problem when using <STDIN>

Discussion in 'Perl Misc' started by Paul, Jul 13, 2005.

  1. Paul

    Paul Guest

    hi, there,

    I met a wired problem when using <STDIN>, here is my script,

    use Mail::pOP3Client;
    use strict;
    use warnings;

    my $pop;
    my $username;
    my $password;
    my $hostname;
    my $SSLFag;

    print "Input your username:\n";
    $username=<STDIN>;
    print "Input your password:\n";
    $password=<STDIN>;
    print "Input your hostn:\n";
    $hostname=<STDIN>;
    print "Input your username:\n";
    $username=<STDIN>;
    print "Using SSL? 1 or 0:\n";
    $SSLFlag=<STDIN>;

    $pop = Mail::pOP3Client->new(USER => $usernane',
    PASSWORD => $password,
    HOST => $hostname,
    USESSL => $SSLFlag);

    #$pop = Mail::pOP3Client->new(USER => 'myname',
    # PASSWORD => 'password',
    # HOST => 'mail host name',
    # USESSL => 1);
    if(!$pop)
    {
    print "Canot log in the pop3 server\n";
    die ;
    }

    The problem is that if I use <STDIN> to get all four parameters and
    pass them to the new function, this script will not work and no error
    report. If I direct use the parameters like in the commented scripts,
    it works very well.

    Can you guys answer me?

    Paul
     
    Paul, Jul 13, 2005
    #1
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  2. Paul wrote:
    > I met a wired problem when using <STDIN>, here is my script,


    <snip>

    > my $pop;
    > my $username;
    > my $password;
    > my $hostname;
    > my $SSLFag;


    You don't need that section with variable declarations, but you'd better
    declare respective variable the first time it's used.

    > print "Input your username:\n";
    > $username=<STDIN>;


    my $username = <STDIN>;
    chomp $username;

    or written directly:

    chomp( my $username = <STDIN> );

    --
    Gunnar Hjalmarsson
    Email: http://www.gunnar.cc/cgi-bin/contact.pl
     
    Gunnar Hjalmarsson, Jul 13, 2005
    #2
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  3. > use Mail::pOP3Client;
    > use strict;
    > use warnings;
    >
    > my $pop;
    > my $username;
    > my $password;
    > my $hostname;
    > my $SSLFag;
    >
    > print "Input your username:\n";
    > $username=<STDIN>;

    I'd say that your script doesn't like the final '\n' when you ask for
    input (I may be wrong, however). Try using chomp :

    chomp($username = <STDIN>);
    # ... and so on with the other variables.
    > print "Input your password:\n";
    > $password=<STDIN>;
    > print "Input your hostn:\n";
    > $hostname=<STDIN>;
    > print "Input your username:\n";
    > $username=<STDIN>;
    > print "Using SSL? 1 or 0:\n";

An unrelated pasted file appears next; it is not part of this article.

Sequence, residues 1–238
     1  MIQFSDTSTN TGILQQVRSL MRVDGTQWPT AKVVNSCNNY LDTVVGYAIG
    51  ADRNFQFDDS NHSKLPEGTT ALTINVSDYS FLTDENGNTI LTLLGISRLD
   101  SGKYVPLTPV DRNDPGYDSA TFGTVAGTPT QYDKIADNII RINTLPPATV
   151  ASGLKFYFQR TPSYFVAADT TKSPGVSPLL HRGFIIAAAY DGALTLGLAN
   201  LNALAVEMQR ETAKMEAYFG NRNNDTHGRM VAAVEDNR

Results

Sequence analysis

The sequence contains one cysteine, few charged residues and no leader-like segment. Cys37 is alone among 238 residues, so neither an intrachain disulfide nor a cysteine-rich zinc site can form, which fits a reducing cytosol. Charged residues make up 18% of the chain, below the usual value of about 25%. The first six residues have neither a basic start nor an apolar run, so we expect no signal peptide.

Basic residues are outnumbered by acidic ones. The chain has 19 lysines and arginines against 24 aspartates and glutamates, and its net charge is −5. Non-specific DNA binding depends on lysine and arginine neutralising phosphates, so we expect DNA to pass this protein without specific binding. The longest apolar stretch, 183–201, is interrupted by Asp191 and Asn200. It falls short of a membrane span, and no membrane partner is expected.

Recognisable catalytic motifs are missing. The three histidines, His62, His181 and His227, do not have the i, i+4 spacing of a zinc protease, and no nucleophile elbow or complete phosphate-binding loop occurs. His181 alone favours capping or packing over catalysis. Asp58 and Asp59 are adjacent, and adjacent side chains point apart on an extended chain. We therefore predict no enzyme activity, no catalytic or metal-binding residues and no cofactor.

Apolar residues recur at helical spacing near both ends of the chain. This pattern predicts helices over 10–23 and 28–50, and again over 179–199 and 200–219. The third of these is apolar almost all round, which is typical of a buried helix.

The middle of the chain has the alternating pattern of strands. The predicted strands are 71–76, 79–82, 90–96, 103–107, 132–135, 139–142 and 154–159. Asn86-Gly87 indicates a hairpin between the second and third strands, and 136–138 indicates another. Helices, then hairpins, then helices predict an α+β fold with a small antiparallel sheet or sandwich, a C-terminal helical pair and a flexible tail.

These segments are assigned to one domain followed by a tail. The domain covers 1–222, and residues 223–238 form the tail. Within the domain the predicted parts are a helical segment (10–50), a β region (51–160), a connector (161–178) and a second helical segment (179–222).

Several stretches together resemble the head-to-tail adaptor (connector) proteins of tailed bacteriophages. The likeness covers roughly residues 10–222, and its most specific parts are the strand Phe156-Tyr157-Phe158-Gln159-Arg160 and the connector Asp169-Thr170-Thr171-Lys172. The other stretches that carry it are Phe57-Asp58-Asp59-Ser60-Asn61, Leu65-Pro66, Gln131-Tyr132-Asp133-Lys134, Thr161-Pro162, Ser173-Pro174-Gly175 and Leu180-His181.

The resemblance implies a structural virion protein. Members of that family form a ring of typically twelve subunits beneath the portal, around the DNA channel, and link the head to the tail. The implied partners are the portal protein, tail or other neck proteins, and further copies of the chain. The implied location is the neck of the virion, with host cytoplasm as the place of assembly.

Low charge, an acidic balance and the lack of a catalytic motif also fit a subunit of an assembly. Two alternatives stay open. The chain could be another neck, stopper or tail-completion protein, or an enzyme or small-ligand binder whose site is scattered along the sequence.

> $SSLFlag=<STDIN>;
    >


    --
    "Je deteste les ordinateurs : ils font toujours ce que je dis, jamais ce
    que je veux !"
    "The obvious mathematical breakthrough would be development of an easy
    way to factor large prime numbers." (Bill Gates, The Road Ahead)
     
    Stephane Zuckerman, Jul 13, 2005
    #3
  4. "Paul" <> wrote in news:1121267080.661220.294660
    @g43g2000cwa.googlegroups.com:

    > print "Input your username:\n";
    > $username=<STDIN>;


    As Gunnar pointed out, you need to chomp the input obtained, because it
    contains the platform specific end of line character sequence by the
    time it is stored in $username.

    Also, do declare variables in the smallest applicable scope.

    > print "Input your password:\n";
    > $password=<STDIN>;


    I have been using:

    use Term::ReadKey;

    sub prompt_password {
    print 'Password: ';
    ReadMode 2;
    my $pass = ReadLine 0;
    ReadMode 0;
    chomp $pass;
    return $pass;
    }

    for the purpose of asking for passwords. With a straightforward read
    from STDIN, I found that the password was being stored in the history
    buffer of cmd.exe (probably applies to other shells, too.)

    > The problem is that if I use <STDIN> to get all four parameters and
    > pass them to the new function, this script will not work and no error
    > report.


    Well, you can diagnose issues like this by taking a look at the variable
    to see what it contains:

    print "$username:\n";

    If you did that, you would see:

    sinan
    :

    indicating that $username has a newline at the end.

    Sinan
    --
    A. Sinan Unur <>
    (reverse each component and remove .invalid for email address)

    comp.lang.perl.misc guidelines on the WWW:
    http://mail.augustmail.com/~tadmc/clpmisc/clpmisc_guidelines.html
     
    A. Sinan Unur, Jul 13, 2005
    #4
  5. Paul

    Larry Guest

    You need to call "chomp" to get rid of the newline at the end of each
    user response.

    You can do it in 1 command, as in:
    chomp($username=<STDIN>);

    or in 2 commands:
    $username=<STDIN>;
    chomp $username;
     
    Larry, Jul 13, 2005
    #5
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